The North Carolina Courage are the NWSL champions yet again.
Capping off another dominant season, the Courage steamrolled past the Chicago Red Stars on Sunday, 4-0, to win back-to-back trophies and further solidify their spot as the greatest team the young league has ever seen.
It took the Courage a mere three minutes and 30 seconds to strike first.
Lynn Williams laid a ball off to Jessica McDonald racing up the flank, and McDonald was given the space to cross past the face of goal to Debinha. Although Debinha's initial shot was blocked, she followed up to slot it home:
— NWSL (@NWSL) October 27, 2019
Debinha celebrated by doing her best imitation of the shrug emoji, and you've got to wonder if the gesture wasn't squarely aimed at a befuddling and controversial Best XI selection that excluded Debinha and other MVP candidates.
North Carolina continued to attack in waves until the Courage broke through again in the 26th minute as a Williams cross found the head of McDonald:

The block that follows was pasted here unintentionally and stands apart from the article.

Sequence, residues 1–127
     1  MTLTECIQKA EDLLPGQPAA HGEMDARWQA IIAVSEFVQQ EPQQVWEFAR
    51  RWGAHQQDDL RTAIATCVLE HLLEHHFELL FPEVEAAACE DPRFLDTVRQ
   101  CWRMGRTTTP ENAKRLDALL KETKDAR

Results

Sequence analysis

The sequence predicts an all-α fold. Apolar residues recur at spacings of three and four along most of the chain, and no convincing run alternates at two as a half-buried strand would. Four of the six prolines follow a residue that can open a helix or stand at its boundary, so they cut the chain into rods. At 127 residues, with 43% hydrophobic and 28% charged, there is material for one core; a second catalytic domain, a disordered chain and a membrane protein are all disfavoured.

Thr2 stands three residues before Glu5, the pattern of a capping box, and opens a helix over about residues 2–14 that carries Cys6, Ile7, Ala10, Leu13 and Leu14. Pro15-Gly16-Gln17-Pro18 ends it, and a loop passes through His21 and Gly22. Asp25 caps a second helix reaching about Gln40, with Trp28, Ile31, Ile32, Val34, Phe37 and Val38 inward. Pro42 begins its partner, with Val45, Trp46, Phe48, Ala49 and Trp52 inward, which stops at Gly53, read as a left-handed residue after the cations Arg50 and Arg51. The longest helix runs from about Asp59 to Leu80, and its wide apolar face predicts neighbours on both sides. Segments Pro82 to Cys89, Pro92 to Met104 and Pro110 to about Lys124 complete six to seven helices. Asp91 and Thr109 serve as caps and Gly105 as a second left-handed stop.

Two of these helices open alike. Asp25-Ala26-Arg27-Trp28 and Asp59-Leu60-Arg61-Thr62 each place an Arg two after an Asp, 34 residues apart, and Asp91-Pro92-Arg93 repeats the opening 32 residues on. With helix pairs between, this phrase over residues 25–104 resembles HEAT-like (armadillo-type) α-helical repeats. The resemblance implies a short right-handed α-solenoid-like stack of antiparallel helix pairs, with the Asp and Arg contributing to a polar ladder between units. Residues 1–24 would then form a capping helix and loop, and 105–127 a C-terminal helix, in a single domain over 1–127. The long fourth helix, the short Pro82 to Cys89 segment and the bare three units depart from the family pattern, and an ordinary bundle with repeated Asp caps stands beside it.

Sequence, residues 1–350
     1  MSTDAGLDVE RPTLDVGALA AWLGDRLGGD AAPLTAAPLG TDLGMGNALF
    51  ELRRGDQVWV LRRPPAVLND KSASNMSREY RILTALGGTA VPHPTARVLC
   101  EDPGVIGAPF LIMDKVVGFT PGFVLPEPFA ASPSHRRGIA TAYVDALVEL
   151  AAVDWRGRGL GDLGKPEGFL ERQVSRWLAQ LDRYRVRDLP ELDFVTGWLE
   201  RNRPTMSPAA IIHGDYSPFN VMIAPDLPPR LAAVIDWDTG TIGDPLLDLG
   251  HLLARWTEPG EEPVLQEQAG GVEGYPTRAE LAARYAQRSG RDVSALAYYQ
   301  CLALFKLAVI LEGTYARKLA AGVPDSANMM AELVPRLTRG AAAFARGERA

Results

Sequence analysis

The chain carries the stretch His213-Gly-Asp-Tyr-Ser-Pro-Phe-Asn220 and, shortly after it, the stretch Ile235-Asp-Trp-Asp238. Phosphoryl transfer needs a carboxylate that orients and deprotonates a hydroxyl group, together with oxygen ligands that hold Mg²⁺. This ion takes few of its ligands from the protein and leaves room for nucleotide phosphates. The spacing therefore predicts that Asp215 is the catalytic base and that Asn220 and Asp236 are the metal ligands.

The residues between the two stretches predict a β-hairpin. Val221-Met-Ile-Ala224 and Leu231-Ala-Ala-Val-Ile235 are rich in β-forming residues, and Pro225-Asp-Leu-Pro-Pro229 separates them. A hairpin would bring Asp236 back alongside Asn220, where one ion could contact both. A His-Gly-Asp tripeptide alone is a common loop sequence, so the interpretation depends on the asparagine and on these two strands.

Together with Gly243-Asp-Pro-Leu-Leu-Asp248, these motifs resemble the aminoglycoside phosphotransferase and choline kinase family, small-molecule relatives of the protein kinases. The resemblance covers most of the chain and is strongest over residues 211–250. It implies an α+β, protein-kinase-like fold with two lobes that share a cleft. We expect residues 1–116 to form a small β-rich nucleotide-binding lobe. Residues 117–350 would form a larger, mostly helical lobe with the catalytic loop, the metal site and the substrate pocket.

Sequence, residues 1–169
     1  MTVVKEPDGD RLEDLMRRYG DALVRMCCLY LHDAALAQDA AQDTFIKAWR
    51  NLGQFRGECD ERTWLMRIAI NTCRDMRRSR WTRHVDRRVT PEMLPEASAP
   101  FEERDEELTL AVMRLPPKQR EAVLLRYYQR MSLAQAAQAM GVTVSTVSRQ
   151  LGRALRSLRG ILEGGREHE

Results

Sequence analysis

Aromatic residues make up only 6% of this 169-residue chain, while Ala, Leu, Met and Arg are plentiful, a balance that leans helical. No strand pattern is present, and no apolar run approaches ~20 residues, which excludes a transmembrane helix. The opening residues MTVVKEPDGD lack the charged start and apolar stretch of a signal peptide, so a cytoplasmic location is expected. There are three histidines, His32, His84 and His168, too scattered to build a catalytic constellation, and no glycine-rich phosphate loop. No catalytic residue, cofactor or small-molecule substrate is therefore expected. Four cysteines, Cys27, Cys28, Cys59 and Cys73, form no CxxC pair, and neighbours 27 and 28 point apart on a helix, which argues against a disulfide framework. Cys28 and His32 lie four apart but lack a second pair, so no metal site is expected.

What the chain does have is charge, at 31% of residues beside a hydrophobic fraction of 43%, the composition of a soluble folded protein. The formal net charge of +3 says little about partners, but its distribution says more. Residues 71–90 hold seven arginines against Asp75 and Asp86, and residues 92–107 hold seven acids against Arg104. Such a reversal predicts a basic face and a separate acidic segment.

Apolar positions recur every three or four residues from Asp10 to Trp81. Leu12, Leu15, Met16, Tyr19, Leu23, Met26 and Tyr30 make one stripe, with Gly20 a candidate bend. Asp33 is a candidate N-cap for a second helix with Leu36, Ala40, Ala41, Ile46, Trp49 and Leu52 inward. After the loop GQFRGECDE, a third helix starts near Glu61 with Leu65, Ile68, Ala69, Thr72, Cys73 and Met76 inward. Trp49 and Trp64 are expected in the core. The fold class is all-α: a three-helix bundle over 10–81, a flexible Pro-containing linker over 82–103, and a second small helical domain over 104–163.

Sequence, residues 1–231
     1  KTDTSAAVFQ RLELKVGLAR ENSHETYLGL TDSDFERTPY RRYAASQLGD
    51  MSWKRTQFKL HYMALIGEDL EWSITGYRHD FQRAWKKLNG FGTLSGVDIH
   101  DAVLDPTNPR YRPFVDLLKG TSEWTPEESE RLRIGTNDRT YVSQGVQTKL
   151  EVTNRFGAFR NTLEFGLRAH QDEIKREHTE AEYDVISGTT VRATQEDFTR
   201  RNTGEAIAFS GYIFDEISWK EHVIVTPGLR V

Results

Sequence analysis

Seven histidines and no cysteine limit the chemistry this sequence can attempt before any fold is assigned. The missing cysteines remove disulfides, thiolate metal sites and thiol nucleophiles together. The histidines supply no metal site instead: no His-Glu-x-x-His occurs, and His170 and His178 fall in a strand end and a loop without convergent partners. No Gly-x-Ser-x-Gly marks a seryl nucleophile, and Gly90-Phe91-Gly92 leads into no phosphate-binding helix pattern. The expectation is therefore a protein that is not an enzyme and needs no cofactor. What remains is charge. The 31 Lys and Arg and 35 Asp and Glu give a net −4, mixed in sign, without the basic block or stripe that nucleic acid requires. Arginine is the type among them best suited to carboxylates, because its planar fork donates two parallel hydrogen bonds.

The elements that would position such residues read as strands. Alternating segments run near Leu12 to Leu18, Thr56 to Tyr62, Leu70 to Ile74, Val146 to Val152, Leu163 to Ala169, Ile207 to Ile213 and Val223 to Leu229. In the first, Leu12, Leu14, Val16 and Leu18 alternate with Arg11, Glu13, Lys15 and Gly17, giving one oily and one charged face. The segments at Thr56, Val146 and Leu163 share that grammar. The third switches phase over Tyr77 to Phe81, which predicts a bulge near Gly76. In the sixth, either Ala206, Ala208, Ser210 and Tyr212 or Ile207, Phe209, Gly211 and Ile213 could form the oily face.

— NWSL (@NWSL) October 27, 2019
Right before halftime, Crystal Dunn finished on a scramble in the box to send the home side into the locker room up three goals.
Samantha Mewis extended the Courage's lead to four in the 62nd minute. Center back Abby Dahlkemper lofted a ball toward goal that a towering Mewis ran onto it and headed past Chicago goalkeeper Alyssa Naeher:
— NWSL (@NWSL) October 27, 2019
The 4-0 win was the biggest margin for an NWSL championship in the league's seven-season existence.
The North Carolina Courage are officially a dynasty
Courage coach Paul Riley blusters at the notion of his team being a powerhouse.
Over the years, his go-to psychological tactic has been to refer to his team as the “underdog” at all times. It may draw eye-rolls and snickers from opponents and reporters alike, but it has clearly worked. He used the U-word multiple times in his pregame press conferences ahead of Sunday's NWSL final.